High blood pressure in new mothers
High blood pressure can be very dangerous; it can increase the risk of strokes, heart disease and the formation of blood clots, all of which can lead to death. However, hypertension can often go unnoticed by your GP.
A new study  which investigated 200 Dutch women found that 17.5% of them had high blood pressure which remained undetected by their GP. In clinic readings taken by their GPs missed 56% of cases where women were experiencing hypertension. Particularly, blood pressure readings were significantly highly when monitored at home in that 46% of these women had significant decreases to blood pressure from day to night time and 42.5% suffered from night time hypertension.
This new research brings with it advice for new mothers who experienced high blood pressure throughout their pregnancies and mother who suffered preeclampsia in that they should monitor their own blood pressure at home long after they have had their baby (approximately 1 year). By monitoring your own blood pressure at different times of the day and in the comfort of your own home, you can get a more accurate reading and understanding of your health and wellbeing.
For those who rely on getting their blood pressure taken by their GP, they may be falsely reassured of their good health.
What does my blood pressure reading mean?
A blood pressure reading provides you with two numbers: the top number (systolic pressure) and a bottom number (diastolic pressure). The top number represents the pressure in the arteries when the heart muscle contracts and should be between 90 and 120. The bottom number is the blood pressure when the heart is between beats and should ideally be between 60 and 80.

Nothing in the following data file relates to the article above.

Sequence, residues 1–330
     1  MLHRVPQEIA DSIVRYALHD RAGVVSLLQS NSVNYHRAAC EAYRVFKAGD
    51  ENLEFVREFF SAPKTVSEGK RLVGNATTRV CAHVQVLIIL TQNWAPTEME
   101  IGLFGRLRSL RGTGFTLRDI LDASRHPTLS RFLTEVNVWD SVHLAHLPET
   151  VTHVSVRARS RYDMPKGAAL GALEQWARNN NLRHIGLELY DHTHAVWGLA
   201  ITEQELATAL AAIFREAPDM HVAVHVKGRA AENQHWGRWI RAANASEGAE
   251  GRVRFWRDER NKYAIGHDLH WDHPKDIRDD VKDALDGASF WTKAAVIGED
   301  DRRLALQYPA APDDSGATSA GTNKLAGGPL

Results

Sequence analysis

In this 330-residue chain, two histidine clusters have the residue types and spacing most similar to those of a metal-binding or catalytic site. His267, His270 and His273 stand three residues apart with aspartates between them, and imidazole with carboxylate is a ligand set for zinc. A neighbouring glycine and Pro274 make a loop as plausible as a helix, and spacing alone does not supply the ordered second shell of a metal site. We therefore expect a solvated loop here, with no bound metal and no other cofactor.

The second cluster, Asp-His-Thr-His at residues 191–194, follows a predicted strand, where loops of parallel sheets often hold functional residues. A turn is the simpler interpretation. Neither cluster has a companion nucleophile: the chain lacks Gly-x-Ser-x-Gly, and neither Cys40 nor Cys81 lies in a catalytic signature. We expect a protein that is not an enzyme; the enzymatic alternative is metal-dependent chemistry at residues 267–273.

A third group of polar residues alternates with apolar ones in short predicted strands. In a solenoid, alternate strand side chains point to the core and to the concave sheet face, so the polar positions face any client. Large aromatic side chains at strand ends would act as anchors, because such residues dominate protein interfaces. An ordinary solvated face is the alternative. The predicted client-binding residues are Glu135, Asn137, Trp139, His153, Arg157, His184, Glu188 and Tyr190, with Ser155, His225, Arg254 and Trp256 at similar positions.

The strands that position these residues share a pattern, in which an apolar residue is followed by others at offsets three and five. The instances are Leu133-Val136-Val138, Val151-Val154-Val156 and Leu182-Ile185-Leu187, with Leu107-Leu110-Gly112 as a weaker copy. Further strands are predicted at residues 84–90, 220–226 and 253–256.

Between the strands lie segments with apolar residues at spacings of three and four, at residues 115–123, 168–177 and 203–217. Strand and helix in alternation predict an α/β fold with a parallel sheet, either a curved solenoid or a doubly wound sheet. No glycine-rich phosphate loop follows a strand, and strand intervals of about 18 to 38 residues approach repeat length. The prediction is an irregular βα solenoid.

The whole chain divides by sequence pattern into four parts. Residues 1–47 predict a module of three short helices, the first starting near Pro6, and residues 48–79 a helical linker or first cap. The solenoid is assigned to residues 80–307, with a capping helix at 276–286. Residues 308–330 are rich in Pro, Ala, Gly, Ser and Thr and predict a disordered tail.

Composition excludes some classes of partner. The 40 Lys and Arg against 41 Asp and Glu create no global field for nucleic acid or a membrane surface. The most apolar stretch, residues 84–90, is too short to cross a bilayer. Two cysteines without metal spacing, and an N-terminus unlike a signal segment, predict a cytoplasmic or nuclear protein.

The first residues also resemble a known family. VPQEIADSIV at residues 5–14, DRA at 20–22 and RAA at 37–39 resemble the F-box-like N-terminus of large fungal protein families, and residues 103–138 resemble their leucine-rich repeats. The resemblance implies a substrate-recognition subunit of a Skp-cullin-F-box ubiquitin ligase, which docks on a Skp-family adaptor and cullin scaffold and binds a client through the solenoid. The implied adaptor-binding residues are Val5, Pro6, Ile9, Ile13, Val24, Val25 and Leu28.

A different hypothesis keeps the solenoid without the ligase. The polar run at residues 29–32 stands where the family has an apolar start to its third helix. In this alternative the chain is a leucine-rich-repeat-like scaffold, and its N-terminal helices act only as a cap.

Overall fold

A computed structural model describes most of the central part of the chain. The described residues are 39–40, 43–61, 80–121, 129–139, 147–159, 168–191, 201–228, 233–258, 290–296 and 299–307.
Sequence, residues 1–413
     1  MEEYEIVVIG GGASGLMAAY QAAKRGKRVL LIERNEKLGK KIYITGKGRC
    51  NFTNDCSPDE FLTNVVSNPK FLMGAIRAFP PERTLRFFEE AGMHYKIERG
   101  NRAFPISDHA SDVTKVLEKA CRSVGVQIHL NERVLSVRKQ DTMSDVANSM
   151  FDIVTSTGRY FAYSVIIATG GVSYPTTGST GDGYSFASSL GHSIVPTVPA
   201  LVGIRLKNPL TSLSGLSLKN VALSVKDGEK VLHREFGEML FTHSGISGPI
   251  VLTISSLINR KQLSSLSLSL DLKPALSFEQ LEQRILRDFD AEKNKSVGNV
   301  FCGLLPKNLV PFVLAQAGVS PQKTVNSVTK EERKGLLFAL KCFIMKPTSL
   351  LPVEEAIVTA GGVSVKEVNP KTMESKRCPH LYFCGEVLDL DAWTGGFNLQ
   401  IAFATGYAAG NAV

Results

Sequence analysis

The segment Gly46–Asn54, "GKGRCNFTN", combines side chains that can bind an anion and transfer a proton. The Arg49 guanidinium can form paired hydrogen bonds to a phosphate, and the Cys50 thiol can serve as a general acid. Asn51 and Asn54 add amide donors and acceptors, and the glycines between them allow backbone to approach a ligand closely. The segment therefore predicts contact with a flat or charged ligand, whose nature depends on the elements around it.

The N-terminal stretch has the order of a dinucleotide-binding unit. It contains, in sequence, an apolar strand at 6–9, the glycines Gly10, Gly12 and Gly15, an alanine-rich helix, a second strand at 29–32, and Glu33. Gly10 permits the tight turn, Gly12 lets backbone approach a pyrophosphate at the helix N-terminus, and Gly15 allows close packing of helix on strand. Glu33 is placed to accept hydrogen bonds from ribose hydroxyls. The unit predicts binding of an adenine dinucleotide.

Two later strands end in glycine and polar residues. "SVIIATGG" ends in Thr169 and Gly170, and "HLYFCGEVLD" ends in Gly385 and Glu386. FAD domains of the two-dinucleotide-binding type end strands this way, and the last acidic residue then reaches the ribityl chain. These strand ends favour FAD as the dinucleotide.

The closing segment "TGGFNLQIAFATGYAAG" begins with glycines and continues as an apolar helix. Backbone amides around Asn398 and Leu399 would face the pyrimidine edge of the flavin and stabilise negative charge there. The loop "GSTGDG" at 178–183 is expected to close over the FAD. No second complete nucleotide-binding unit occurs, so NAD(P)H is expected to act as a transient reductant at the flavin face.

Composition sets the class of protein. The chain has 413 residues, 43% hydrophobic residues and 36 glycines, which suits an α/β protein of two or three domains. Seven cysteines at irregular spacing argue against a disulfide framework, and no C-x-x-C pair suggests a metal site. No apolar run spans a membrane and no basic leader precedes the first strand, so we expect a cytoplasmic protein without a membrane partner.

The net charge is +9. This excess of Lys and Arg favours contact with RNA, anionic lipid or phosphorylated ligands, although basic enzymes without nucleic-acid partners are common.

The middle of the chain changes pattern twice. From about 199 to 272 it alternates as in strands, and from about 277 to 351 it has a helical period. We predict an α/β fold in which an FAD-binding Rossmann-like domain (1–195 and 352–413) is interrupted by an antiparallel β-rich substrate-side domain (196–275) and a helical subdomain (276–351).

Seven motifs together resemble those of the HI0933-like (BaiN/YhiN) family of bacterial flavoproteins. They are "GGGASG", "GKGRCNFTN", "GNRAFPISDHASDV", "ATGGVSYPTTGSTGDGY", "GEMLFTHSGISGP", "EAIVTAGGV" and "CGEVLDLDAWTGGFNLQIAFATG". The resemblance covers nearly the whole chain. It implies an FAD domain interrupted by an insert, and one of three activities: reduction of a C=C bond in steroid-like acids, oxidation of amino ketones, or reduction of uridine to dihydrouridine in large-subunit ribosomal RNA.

How do I decrease my blood pressure?
If you have elevated blood pressure, there is a high chance this will turn into high blood pressure, which can have serious health consequences. At this stage, your blood pressure can be reduced by small changes in your lifestyle, no medication is needed!
- Watch your weight – blood pressure often increases as your weight decreases. Weight loss is one of the most effective ways to help reduce your blood pressure.
- Regular exercise – by doing just 30 minutes of exercise a day can help reduce your blood pressure.
- Healthy eating – a diet that is rich in fruit, vegetables and low in sodium.
- Limit your alcohol intake – although a small intake of alcohol can help reduce your blood pressure, these effects are quickly reversed if you drink more than the recommended amount.
- Quit smoking
- Reduce stress – stress can be a particularly important trigger of high blood pressure, particularly as when we encounter stress we tend to turn to unhealthy eating and increased intake of alcohol.
- Try to get the recommended 7-8 hours of sleep per night
To learn more about the causes and consequences of high blood pressure, please visit the NHS website by clicking here.